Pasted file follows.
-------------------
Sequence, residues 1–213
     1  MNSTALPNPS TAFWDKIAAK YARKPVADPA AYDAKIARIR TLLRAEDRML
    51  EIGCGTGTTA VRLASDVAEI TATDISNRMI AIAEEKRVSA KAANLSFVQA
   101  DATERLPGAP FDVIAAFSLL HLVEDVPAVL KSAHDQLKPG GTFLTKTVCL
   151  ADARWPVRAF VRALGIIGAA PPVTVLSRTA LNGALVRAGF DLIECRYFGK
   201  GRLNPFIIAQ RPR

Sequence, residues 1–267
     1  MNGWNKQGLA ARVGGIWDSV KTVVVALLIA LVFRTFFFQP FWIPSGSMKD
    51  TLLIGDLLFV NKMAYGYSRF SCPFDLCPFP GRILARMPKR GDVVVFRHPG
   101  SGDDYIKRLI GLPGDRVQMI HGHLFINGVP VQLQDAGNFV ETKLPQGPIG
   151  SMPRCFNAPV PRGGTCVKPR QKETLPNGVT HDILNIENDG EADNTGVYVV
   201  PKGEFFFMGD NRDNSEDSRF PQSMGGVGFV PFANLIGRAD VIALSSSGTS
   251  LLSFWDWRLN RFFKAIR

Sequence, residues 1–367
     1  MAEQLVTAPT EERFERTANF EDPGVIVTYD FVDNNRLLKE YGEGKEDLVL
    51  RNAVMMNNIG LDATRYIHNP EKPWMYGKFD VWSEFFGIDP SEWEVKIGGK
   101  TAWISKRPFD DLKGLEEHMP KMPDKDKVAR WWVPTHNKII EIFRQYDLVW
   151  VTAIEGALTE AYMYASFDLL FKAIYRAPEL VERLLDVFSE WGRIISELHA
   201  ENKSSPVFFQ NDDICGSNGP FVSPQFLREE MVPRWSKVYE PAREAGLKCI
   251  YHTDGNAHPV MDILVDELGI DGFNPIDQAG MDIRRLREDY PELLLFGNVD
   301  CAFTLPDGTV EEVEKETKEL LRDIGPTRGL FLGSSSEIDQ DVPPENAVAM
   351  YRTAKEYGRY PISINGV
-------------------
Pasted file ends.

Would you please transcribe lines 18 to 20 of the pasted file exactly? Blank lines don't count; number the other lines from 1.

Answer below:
   151  VTAIEGALTE AYMYASFDLL FKAIYRAPEL VERLLDVFSE WGRIISELHA
   201  ENKSSPVFFQ NDDICGSNGP FVSPQFLREE MVPRWSKVYE PAREAGLKCI
   251  YHTDGNAHPV MDILVDELGI DGFNPIDQAG MDIRRLREDY PELLLFGNVD